“Will you come to the bathroom with me?”
I turned to look at my 18-year-old daughter. She was green. I knew what was coming. We raced to the bathroom and got there just in time. At least that was where she threw up and not in the seminar we had been attending.
24 hours earlier, on the 4th of July, we were sitting in the Urgent Care office of her pediatrician. She had woken up with a cough, a cold, and just felt “icky.” I prayed for the strep test to come back positive. My wish was for her to get an antibiotic and, hopefully, feel better by the following day. No such luck. We had to leave the next morning for her college orientation and she was just plain old sick.
I have worried about this time in both my daughters’ lives ever since their father passed away unexpectedly almost six years ago. Now that they are 18 and 16, the time is here. Prom, graduation, college applications, choosing a school, orientation, moving into the dorms – these are all moments that should be shared with my husband, their father. For our family, we happily celebrate this time but there is always someone missing.
My 18-year-old suffers from anxiety. This has been true since way before her father died. It was apparent from the moment she was born. It worsened after he passed away, and there have been times when her anxiety has been debilitating.
With working hard over the past few years, she has learned how best to live with her anxiety. I am so proud of her strength and resilience. I know she is ready to go away to college, but her anxiety about leaving home is high. I was hoping that orientation would ease her mind about the process.
I tend to become anxious when my daughter becomes anxious. I have also been very worried about something else – handling these milestones on my own. It is a huge responsibility to not have someone to share with.
Where college orientation was concerned, I got lucky. A friend of mine has a son going to the same school. She is divorced – also a single mom. We spoke and decided it would be beneficial for us, as well as both kids, to all drive up together. This lessened both mine and my daughter’s anxiety. We would both have a partner to walk in with, not to mention I was able to cut my hotel expense in half by sharing a room. The kids were sleeping in the dorms which was a great way for them to get familiar with the school.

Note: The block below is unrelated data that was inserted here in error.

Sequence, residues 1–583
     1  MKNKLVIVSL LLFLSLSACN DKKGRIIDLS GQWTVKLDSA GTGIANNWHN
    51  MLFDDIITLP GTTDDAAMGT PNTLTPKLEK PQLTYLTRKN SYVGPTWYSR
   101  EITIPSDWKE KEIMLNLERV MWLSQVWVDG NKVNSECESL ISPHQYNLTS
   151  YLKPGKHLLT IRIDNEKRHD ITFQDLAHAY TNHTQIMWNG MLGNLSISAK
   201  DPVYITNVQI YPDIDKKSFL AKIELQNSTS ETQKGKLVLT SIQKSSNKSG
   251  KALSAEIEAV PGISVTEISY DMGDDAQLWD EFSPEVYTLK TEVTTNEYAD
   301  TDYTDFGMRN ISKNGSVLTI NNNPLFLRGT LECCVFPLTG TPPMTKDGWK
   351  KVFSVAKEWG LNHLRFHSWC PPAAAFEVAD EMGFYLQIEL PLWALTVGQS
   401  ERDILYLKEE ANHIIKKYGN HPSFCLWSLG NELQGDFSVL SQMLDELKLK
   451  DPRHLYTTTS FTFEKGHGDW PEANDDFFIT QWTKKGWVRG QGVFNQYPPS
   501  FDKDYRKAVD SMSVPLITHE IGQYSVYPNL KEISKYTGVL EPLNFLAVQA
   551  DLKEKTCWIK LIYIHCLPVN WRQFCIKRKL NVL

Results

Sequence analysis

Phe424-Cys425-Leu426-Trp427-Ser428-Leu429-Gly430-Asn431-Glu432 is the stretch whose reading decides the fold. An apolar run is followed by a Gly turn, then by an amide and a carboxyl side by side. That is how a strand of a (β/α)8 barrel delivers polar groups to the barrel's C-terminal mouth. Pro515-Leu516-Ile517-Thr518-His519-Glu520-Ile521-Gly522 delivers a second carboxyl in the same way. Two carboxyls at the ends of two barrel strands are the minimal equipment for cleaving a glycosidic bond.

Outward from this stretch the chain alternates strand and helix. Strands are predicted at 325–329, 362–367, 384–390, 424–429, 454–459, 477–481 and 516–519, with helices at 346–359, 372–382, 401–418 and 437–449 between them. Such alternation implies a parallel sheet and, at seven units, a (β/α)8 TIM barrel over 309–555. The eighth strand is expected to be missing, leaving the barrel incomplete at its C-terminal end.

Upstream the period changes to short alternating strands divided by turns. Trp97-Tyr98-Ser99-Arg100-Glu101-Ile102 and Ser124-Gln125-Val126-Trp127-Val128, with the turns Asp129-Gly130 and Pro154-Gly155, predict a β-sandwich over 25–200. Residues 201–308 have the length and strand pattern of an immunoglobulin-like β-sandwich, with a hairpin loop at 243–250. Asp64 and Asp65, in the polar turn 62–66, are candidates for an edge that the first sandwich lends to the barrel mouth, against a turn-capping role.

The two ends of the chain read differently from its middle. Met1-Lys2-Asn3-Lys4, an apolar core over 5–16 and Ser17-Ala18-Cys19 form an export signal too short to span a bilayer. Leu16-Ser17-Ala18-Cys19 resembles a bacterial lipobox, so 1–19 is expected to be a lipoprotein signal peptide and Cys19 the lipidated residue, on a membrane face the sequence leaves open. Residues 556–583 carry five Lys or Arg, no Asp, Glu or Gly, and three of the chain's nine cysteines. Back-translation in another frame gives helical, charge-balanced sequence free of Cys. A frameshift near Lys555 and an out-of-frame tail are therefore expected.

These few days seemed to be falling into place. I was almost looking forward to orientation on July 5th – until the morning of the 4th. Feeling sick would throw a wrench into anyone’s college orientation experience. For a child with anxiety, like my daughter, the results could be almost catastrophic. I knew that her anxiety level was through the roof because of this. This made me a nervous wreck the entire day before we had to leave. All I could do was pray that she would wake up feeling better the next morning.
These are the times when I wish I had my husband to share decision-making with. Should we drive three hours while she is not feeling well? Is she okay to sleep in the dorm? Should we just stay home and skip the whole thing?
The answer to the last question was a definite no. Missing orientation would produce more stress for her than going while not feeling well. Unless she woke up with a raging fever, we were driving up first thing the next morning with the mother-son team.
We did. She seemed somewhat better when she woke up, and much better on the drive. The four of us comfortably chatted the entire trip up. After we arrived, I saw her slowly fading, until finally – the bathroom incident during the lecture. As we stood in that bathroom afterwards and she told me that it was one of the worst experiences she ever had, my heart went out to her. There is nothing worse than seeing your child in a terrible moment.
The first day of orientation was tough for her, but she did wake up the next morning feeling somewhat better. The experience improved from there.
College orientation became both a good and bad experience for her, and I am proud that she made it through. It was the first step in the next phase of her life.
My daughter will always have anxiety, but she is equipped with tools to help her through it. I understand that she does get more stressed than most. This is a part of her that she has always had to gain control of. Despite this, I believe she is ready, and will have an amazing college experience.
As for me, I learn from her every day. Her resilience inspires me, and I will also be ok.